How can I help learners participate with their own voices?

I was scanning through the article on learner voice, and felt it’s particularly applicable to the projects that I’m working on right now. Part of my job is to help the students participate with their own voices, whether it’s in my own classes, outside class, or in the classes of others. As a teacher, do I understand and act upon learners’ views? I try to. One of my main goals has been to help guide students to become autonomous learners. I often tell them that yes, I’m a teacher by name of profession, but that I and they both can play other roles in the classroom, like leader, collaborator, team member, facilitator, and so on.

We’re beginning the process of designing curriculum for the various programs that are offered, and needs analysis is the first step, so many of the questions that the text poses caught my attention. Are there clear ways in which the learners are involved in decision-making processes? What tools/methods, if any, are being used for listening to learners’ voices? Does the culture of the institution support the development of learner voice? And what evidence do I have that learners’ voices are being listened to and acted upon? I believe that we sometimes assume that our students think the same as we do in everything. Without giving the learners a way of expressing themselves and knowing that their thoughts count, we risk harming the learning process. They need to know that their views are valued, which requires the institution and staff to be flexible and adaptable. Students can play a valuable role as curriculum developers as well.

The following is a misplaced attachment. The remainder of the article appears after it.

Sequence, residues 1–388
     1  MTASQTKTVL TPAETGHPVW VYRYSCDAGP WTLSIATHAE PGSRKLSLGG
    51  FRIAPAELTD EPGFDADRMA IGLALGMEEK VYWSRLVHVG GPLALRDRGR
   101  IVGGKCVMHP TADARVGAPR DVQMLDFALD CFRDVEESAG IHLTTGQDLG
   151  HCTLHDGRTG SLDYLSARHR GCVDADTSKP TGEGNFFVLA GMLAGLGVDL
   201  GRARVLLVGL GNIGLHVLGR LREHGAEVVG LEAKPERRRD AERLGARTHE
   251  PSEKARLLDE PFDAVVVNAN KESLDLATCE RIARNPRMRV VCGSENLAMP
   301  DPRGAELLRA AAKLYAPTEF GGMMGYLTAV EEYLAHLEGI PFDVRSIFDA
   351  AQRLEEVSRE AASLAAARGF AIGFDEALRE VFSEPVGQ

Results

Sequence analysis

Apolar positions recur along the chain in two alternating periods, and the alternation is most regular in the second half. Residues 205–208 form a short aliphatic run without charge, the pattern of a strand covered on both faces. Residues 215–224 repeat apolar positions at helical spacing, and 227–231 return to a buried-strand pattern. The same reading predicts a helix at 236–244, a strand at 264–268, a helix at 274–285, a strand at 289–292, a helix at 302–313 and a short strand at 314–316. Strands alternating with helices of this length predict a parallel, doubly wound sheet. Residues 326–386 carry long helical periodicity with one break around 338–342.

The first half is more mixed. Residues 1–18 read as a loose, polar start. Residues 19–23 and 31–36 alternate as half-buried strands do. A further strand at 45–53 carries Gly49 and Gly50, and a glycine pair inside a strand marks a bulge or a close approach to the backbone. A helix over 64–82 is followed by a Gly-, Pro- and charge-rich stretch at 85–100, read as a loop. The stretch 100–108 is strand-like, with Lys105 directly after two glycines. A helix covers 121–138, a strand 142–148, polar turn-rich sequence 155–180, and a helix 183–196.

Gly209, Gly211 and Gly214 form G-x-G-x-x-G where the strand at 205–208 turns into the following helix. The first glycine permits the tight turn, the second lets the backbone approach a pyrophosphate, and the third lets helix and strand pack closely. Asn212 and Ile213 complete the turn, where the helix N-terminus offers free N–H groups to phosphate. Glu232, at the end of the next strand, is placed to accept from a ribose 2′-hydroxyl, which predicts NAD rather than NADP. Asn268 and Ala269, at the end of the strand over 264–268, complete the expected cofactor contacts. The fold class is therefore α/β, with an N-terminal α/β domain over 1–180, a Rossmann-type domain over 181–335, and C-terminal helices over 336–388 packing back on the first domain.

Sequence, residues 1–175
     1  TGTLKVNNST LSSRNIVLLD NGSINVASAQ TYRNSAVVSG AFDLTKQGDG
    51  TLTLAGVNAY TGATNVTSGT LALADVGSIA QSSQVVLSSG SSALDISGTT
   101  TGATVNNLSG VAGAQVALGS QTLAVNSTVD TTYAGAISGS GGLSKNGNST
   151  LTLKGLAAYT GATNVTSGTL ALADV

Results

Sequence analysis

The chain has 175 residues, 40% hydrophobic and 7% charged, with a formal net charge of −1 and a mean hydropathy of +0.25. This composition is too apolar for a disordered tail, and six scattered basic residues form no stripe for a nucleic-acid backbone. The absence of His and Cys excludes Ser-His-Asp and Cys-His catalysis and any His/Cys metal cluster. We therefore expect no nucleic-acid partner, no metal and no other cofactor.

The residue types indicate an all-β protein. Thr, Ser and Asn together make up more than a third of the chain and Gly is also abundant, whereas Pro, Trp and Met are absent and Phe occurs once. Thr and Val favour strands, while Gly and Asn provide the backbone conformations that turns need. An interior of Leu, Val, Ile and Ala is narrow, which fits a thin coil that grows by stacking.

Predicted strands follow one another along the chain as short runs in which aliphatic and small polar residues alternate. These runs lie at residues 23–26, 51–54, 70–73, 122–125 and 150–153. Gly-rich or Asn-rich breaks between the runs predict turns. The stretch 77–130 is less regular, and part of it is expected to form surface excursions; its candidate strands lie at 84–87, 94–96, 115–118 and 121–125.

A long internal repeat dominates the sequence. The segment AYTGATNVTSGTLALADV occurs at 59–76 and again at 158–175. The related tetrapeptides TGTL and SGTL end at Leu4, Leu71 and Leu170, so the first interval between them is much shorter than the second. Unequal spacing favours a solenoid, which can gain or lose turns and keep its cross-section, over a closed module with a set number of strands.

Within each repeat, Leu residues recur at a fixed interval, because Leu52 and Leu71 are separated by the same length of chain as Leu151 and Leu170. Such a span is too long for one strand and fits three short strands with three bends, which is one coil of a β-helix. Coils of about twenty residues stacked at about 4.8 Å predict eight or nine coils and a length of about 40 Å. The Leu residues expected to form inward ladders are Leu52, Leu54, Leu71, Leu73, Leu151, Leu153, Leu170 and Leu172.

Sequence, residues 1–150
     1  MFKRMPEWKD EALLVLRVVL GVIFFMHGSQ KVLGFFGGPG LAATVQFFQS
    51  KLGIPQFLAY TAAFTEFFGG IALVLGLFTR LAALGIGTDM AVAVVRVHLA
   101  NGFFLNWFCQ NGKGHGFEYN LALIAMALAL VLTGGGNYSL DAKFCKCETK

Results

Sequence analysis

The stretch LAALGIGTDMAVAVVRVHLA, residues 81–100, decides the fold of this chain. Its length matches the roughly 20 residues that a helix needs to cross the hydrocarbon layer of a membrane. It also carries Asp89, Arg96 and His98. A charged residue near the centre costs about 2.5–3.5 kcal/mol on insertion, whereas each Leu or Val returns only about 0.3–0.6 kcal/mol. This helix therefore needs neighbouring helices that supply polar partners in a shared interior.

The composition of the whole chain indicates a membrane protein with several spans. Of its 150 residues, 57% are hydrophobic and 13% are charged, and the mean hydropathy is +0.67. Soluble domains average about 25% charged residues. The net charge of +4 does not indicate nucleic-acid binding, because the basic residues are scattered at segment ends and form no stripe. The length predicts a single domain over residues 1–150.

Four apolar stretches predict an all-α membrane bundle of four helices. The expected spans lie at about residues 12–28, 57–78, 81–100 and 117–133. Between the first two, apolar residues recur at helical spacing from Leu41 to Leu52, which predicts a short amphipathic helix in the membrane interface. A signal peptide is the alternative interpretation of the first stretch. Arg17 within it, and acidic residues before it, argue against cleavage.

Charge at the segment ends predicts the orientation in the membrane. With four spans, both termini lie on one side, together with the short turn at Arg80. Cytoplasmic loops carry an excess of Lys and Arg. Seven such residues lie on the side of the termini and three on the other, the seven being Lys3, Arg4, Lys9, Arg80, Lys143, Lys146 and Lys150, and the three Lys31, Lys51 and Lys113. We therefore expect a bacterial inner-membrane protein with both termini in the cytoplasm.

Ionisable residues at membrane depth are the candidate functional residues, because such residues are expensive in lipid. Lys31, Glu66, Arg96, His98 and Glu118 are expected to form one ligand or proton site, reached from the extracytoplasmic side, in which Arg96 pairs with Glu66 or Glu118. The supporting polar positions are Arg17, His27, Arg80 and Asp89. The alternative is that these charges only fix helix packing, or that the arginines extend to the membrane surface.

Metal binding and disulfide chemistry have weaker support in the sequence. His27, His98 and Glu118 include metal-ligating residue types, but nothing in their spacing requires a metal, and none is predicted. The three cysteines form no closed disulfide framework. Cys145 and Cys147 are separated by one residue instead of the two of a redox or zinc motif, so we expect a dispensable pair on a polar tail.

The tools that we’ve been looking at in OWP provide many ways of empowering learners. I myself feel empowered in this session, knowing that what I’m writing and commenting on has a reading audience. I hadn’t felt that way before with blogging, since most of the comments made were few and far between, by random people. We are much more likely to express ourselves and find our voice if we are doing so in an environment where that voice is valued.